> in a specific format? (each format may have format-specific atoms).
> Then the OS layer (+ architecture?) is implemented in a separate
> library that is a client of Reader/Writer.
This conflation problem is really only an issue with ELF (because it is
so widely used and because ELF was designed as a container format).  
In fact, the "conflation" actually makes MachO and PE/COFF code
structure in lld easier because everything is in one place.  In other words,
for mach-o I would not know what to put in the "OS" layer vs the "format" layer.


> How do you expect WriterOptionsELF to scale with respect to the number
> of OS's and architectures supported? E.g. for each architecture, will
> we need to add to WriterOptionsELF? For each OS, will we need to add
> to it?
I've imagined that WriterELF would need (at least internally) a big set of
fine-grain options (e.g. which symbol table hash function, add special section
foo, etc).   Then the question is whether to express all the fine grain options
in the WriterOptionsELF, or instead have high level settings in WriterOptionsELF
and then have WriterELF translated the high level settings into the fine
grain settings.

I'd like to hear some examples of OS vs architectures difference needed in ELF.
I (naïvely) think of architectures as just being a "machine" field in the
WriterOptionsELF.  And OS options as just being "add this magic section", or
"put this section here".

-Nick


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Re: [lld] Linker script findings.

Sean Silva
On Thu, Jan 10, 2013 at 9:59 PM, Nick Kledzik <[hidden email]> wrote:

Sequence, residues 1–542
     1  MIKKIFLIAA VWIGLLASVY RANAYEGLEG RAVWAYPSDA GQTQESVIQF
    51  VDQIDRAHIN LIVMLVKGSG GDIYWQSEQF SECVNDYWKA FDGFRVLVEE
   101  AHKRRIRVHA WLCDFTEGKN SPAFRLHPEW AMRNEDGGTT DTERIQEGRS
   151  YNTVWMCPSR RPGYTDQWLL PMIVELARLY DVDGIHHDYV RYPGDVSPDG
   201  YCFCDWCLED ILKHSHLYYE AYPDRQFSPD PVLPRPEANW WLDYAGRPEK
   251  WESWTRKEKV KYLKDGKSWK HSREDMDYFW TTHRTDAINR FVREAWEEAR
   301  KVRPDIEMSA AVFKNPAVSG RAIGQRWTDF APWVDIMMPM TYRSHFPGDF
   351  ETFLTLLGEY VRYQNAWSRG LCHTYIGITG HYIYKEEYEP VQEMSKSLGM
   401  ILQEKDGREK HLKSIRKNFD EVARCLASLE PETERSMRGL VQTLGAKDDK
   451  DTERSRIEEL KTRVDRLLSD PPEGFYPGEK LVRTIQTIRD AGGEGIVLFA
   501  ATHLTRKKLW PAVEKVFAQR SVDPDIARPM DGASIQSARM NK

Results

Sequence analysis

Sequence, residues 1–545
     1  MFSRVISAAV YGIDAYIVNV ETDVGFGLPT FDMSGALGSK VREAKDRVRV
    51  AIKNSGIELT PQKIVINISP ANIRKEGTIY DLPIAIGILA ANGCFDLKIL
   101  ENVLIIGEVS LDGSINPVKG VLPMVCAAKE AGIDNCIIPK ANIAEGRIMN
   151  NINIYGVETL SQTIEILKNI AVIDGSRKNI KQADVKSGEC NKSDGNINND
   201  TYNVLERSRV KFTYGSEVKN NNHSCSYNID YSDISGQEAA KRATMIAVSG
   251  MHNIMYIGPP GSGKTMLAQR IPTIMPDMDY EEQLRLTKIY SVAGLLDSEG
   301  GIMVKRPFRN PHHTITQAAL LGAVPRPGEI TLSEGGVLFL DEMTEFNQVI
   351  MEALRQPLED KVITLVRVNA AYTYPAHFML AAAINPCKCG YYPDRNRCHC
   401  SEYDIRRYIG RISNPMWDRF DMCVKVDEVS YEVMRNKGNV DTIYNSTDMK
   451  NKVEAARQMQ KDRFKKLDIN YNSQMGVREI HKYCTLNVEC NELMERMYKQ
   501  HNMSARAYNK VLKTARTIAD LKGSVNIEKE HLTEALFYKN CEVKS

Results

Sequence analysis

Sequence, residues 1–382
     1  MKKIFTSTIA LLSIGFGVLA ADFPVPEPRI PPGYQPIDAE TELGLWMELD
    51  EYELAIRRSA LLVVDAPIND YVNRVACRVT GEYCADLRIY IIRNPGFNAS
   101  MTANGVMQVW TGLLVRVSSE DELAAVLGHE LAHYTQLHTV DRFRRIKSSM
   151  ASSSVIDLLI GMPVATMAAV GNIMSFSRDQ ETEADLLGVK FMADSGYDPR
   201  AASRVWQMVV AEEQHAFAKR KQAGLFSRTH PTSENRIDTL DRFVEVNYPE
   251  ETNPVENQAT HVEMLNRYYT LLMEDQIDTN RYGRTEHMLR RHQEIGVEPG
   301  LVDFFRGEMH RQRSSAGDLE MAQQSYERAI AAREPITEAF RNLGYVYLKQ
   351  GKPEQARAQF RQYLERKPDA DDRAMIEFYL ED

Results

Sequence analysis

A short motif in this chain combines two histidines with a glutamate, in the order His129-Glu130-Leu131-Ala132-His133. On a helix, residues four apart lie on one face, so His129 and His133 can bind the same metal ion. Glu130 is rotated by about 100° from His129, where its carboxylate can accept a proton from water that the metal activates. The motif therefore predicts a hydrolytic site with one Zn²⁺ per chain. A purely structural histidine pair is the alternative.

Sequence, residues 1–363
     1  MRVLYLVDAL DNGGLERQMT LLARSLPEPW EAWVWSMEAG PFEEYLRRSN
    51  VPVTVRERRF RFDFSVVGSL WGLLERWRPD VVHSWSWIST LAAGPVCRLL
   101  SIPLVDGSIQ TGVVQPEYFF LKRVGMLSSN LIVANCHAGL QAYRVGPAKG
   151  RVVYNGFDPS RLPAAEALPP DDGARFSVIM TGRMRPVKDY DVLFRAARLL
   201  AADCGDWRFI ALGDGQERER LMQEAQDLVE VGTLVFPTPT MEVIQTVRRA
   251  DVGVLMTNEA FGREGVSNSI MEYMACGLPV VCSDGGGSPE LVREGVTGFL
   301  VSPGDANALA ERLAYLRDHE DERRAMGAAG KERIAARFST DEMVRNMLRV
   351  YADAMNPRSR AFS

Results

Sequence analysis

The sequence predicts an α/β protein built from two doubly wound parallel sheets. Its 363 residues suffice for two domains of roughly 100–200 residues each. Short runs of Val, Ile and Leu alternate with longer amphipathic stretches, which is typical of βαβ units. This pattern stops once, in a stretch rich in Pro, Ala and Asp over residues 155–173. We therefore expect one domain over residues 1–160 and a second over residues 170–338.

> I'd like to hear some examples of OS vs architectures difference needed in ELF.
> I (naïvely) think of architectures as just being a "machine" field in the
> WriterOptionsELF.  And OS options as just being "add this magic section", or
> "put this section here".

I did a little investigation, and it looks like there is a nontrivial
amount of code is needed for platform support:

- From perusing the gold source code, there doesn't appear to be very
much OS-wise (although I think it piggybacks on GNU ld's gigantic
os/format specific configuration; see below).

- Gold appears to have all the architecture-specific stuff isolated
into separate files. Each one is multi-thousand lines. Just arm.cc is
>12000 lines of code (by way of comparison, currently all the source
code of lib/ReaderWriter/ is a combined total of <10000 lines).

- GNU ld has >20000 lines of templates of C source code which it
instantiates in order to support different OS's. It has >14000 lines
of linker script templates. It has >5000 lines of parameter-setting
files which are used to instantiate those templates.

-- Sean Silva